Here’s the danger: A lot more persons from the political middle can join the authoritarian column and end up supporting the Donald.  How? As folks on the hard right continue to fear monger, and fan the flames of prejudice and suspicion, more Americans are expressing fears of imminent terrorist attacks (i.e., they feel threatened).  For instance, MacWilliams reported that 52% of voters who expressed the greatest fear that another terrorist attack will happen in the US in the next year were authoritarians. That is, they are susceptible to Trump’s campaign themes and messaging. 

Scary? Yes. Inevitable? No. But we must stop thinking of Trump supporters as a “small, pitiful band” of older, uneducated white malcontents, and acknowledge that Trump is riding the crest of a burgeoning wave of authoritarianism.



This article goes back to January of 2016 — it seems back then it was still possible for some to think of Trump’s supporters as a “small” band, rather than a widespread movement. How naive that seems now that Trump has become not just the “frontrunner,” but the Republican nominee. Now almost everyone will admit that it would take just one terrorist attack similar to the shootings in San Bernardino to elect Trump. In fact such an attack wouldn’t even have to be on US soil. The secret of Trump's appeal? It's as basic as the fear of death.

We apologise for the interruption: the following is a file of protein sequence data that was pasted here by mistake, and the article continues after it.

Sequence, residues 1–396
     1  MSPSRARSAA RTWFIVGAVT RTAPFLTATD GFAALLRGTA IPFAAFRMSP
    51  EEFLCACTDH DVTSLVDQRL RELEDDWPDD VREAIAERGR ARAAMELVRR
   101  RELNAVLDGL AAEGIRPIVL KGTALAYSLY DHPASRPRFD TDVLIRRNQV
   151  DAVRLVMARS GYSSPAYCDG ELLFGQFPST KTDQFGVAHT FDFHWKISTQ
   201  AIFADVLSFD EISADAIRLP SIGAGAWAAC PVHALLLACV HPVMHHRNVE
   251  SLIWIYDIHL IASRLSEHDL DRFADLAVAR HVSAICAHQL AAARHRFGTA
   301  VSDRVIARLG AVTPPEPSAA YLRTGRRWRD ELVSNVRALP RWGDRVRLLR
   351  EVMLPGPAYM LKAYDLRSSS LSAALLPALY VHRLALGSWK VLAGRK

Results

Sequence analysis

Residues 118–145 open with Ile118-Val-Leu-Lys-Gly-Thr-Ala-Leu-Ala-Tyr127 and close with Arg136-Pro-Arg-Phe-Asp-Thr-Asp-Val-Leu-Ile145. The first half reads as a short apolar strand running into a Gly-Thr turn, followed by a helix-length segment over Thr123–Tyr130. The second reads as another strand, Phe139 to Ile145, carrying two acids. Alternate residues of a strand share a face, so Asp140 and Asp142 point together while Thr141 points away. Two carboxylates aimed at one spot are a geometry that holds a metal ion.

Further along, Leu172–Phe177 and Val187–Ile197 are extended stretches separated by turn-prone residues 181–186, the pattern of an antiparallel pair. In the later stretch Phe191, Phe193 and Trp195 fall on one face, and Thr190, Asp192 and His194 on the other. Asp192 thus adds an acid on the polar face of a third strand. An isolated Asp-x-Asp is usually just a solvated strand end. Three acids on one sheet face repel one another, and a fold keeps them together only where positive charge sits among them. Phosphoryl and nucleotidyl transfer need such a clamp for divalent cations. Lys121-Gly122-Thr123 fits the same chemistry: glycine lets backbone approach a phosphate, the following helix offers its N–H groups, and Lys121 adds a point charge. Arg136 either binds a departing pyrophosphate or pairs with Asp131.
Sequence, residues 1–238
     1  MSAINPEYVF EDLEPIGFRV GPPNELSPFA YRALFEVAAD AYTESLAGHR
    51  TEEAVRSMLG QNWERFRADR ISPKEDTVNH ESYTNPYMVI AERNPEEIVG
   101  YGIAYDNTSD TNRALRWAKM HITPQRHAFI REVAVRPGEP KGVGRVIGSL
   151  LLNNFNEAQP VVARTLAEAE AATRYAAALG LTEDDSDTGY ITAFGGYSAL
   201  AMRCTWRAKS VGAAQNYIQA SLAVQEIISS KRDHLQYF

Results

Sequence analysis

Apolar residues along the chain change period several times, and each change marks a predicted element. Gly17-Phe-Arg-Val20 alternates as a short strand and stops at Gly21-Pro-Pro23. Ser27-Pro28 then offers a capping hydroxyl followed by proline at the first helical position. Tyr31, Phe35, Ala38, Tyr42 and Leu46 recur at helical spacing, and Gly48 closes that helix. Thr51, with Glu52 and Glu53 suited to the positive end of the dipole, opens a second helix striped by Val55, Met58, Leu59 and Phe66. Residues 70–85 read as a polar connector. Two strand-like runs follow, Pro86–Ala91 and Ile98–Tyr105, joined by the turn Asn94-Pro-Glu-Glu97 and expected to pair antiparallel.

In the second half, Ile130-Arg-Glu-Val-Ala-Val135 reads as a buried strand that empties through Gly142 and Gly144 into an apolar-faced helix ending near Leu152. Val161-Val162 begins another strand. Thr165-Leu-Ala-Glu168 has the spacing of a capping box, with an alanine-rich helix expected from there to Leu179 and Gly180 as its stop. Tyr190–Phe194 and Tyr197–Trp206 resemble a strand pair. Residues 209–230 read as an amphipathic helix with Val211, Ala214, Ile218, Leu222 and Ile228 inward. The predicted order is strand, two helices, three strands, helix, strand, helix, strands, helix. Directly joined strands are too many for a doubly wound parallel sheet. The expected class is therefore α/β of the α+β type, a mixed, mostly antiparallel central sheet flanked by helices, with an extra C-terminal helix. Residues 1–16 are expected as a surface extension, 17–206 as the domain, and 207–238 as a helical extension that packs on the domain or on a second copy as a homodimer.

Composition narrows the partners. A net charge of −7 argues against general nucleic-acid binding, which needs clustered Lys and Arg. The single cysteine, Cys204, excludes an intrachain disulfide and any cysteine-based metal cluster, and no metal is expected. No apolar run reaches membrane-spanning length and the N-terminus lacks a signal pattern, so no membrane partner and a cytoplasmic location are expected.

Trump, the star of his own reality TV show, becoming president? Let’s remember that some dismissed the possibility of Ronald Reagan, an actor, and a mediocre actor at that, becoming president.

And it’s not just about macho authoritarianism and racism. Trump does happen to have a powerful message that appeals to workers who feel insecure about their jobs. Supporters of free trade may disagree with that message, but there it is, with Trump as the unlikely champion of the American working class. And he constantly presents himself as someone who can’t be bought, independent of the power of lobbyists. 

Look at how many times we've said it before: Trump is a joke, he can't last, he's just too revolting. He was supposed to drop out any time. Instead he became the nominee. So it was all wishful thinking after all — we refused to believe that he could say anything at all, e.g. that he could go out into the street and shoot someone, and still not lose any votes -- that he could say anything, do anything, and get away with it. And time after time, he did get away with it, winning state after state. True, in the last few months, when people will be presented with the stark choice, maybe the psychological climate will be different, and maybe even those with the lowest IQ and least education can see it's all talk and ego and bs, and Trump can't really bring back the lost jobs or defeat ISIS or anything — but all bets are off.